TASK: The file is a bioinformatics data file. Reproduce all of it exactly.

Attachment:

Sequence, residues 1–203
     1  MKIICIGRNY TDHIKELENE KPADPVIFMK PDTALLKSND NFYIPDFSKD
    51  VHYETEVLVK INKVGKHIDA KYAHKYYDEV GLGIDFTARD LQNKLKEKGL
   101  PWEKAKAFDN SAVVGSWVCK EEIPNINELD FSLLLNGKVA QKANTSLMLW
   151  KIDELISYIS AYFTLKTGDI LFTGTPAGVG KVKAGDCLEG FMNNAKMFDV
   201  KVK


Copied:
Sequence, residues 1–203
     1  MKIICIGRNY TDHIKELENE KPADPVIFMK PDTALLKSND NFYIPDFSKD
    51  VHYETEVLVK INKVGKHIDA KYAHKYYDEV GLGIDFTARD LQNKLKEKGL
   101  PWEKAKAFDN SAVVGSWVCK EEIPNINELD FSLLLNGKVA QKANTSLMLW
   151  KIDELISYIS AYFTLKTGDI LFTGTPAGVG KVKAGDCLEG FMNNAKMFDV
   201  KVK